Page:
If you’re an entrepreneur, you need to prioritize bookkeeping from the start. Regardless of your industry or your business’ size, proper bookkeeping will help you remain financially secure while also promoting continued growth. You should understand which bookkeeping method is best for your business and how it effects the business financials.
You have two options from which to choose when doing so: single-entry bookkeeping and double-entry bookkeeping. This overview will explain the basic differences between the two, while also offering advice on how to choose which method is ideal for your business needs.
Understanding the Basics of Bookkeeping
Bookkeeping essentially involves tracking a business’s financial transactions and maintaining its financial records. When handling bookkeeping, your goal is to record all:
- Other such transactions
Proper bookkeeping allows a business owner to accurately and clearly understand their organization’s financial status. Benefits of this include:
- Making spending decisions based on thorough information
- Identifying reasons why a business might be losing money, and potentially coming up with strategies to avoid future losses
- Identifying areas for potential growth
Bookkeeping can also allow for easier compliance with all relevant tax codes. By investing in proper bookkeeping practices, a business owner could theoretically save a lot of money in the long run.
Single-entry bookkeeping is beginner-friendly. With this method, a business simply records a transaction as an expense or as income. That means a transaction is only recorded once.
Pros of this bookkeeping method include:
- Simplicity: As single-entry bookkeeping is less complex than double-entry bookkeeping
- Efficiency: Because this method of bookkeeping doesn’t involve a significant time investment
- An easy learning curve for someone who is new to bookkeeping
That said, there are certain disadvantages that may come with single-entry bookkeeping. Examples include:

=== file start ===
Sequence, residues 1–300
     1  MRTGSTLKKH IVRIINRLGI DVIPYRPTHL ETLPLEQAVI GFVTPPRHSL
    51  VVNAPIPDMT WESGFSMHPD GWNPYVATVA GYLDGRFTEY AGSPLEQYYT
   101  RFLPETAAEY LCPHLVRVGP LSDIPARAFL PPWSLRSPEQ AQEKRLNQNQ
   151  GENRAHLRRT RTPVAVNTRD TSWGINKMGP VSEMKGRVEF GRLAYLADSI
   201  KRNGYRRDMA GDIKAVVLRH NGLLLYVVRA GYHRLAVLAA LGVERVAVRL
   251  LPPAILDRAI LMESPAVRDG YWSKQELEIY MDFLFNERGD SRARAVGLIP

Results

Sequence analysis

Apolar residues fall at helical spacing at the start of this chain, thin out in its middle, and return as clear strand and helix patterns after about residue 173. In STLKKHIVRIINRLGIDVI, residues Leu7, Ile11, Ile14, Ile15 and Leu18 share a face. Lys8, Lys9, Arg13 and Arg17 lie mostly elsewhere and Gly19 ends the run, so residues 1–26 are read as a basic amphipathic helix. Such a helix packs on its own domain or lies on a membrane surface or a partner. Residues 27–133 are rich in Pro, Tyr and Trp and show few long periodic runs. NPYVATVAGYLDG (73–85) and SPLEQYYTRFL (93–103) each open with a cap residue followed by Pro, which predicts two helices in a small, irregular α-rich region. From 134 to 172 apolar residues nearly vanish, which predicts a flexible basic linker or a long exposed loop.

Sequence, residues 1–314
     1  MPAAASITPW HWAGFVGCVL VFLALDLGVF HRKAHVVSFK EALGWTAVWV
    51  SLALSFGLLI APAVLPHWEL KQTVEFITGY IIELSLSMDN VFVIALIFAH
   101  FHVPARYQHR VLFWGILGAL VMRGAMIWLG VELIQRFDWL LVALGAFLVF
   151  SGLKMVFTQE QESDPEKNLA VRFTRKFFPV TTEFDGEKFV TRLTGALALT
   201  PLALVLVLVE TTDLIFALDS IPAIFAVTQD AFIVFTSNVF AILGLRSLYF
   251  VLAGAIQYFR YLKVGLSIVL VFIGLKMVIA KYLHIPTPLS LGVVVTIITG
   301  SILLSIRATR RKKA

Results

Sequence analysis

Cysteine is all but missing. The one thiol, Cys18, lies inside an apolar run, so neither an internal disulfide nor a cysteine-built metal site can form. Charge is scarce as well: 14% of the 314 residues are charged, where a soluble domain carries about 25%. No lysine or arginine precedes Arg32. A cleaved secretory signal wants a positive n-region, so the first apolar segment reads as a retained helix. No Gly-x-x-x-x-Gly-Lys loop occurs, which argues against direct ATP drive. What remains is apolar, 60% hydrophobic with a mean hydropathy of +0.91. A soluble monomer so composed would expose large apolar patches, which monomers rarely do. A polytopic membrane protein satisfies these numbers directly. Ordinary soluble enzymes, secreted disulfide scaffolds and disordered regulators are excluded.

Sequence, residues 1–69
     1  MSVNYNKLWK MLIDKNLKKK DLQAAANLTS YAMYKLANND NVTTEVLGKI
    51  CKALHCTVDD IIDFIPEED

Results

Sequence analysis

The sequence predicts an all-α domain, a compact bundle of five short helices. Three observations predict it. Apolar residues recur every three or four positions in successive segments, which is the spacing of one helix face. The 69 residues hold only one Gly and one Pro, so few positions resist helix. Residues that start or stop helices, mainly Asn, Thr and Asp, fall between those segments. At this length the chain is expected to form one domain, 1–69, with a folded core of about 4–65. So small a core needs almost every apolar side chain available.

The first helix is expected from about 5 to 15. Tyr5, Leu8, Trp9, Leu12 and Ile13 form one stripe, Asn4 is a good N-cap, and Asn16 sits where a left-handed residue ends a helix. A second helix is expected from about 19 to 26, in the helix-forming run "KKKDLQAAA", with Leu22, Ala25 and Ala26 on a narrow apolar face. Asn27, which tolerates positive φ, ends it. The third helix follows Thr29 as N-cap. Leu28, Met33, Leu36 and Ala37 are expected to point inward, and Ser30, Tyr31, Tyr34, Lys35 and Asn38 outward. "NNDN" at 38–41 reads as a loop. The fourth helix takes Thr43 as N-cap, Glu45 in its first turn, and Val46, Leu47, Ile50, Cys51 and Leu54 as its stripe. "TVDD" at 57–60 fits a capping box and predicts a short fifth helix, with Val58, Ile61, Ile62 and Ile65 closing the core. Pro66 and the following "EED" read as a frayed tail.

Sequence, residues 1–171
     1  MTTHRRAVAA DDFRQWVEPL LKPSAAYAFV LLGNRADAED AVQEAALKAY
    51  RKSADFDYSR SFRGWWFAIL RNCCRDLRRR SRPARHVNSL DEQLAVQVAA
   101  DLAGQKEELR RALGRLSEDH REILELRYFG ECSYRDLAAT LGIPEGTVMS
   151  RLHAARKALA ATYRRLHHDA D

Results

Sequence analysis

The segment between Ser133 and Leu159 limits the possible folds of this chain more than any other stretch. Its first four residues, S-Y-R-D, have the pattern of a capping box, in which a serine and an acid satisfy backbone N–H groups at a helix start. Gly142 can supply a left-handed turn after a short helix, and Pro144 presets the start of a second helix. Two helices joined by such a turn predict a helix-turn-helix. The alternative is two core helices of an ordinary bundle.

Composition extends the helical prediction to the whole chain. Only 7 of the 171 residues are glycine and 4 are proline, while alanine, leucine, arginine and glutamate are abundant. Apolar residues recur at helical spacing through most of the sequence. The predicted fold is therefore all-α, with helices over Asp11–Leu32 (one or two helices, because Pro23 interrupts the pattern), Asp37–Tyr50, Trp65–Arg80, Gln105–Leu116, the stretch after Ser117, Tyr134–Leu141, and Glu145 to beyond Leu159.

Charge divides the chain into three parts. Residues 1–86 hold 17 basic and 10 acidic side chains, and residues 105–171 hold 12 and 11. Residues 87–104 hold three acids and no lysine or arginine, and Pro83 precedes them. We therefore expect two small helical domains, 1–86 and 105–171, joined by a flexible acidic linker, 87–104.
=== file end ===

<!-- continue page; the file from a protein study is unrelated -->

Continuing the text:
- Providing a business owner with minimal financial information
- Failure to illustrate the full complexity of certain financial transactions
Further down, this guide will touch on various factors a business owner should account for before deciding what method of bookkeeping they should adopt. In general, though, single-entry bookkeeping is best for smaller businesses.
When a transaction is recorded via the double-entry bookkeeping method, it is recorded twice. You would record the transaction as a credit in one account. You’d also record it as a debit in another account.
For example, as a business owner, you may need to take out loans. When you do so if you’re using the double-entry bookkeeping method, you would record the transaction twice: once to illustrate that the loan has added to your available cash balance, and once to illustrate that you now owe your creditor the loan amount.
Advantages of double-entry bookkeeping include:
- Providing more thorough information about a business’s financial circumstances
- Allowing for more detailed records that could guard against fraud, lead to smarter business decisions, etc.
However, there are reasons a business owner might be reluctant to opt for the double-entry bookkeeping model. They include:
- A steep learning curve, as someone must possess a reasonably strong grasp of accounting practices to successfully manage a double-entry bookkeeping system
- A substantial time investment that could be overly burdensome on a small business owner who has many other tasks to attend to.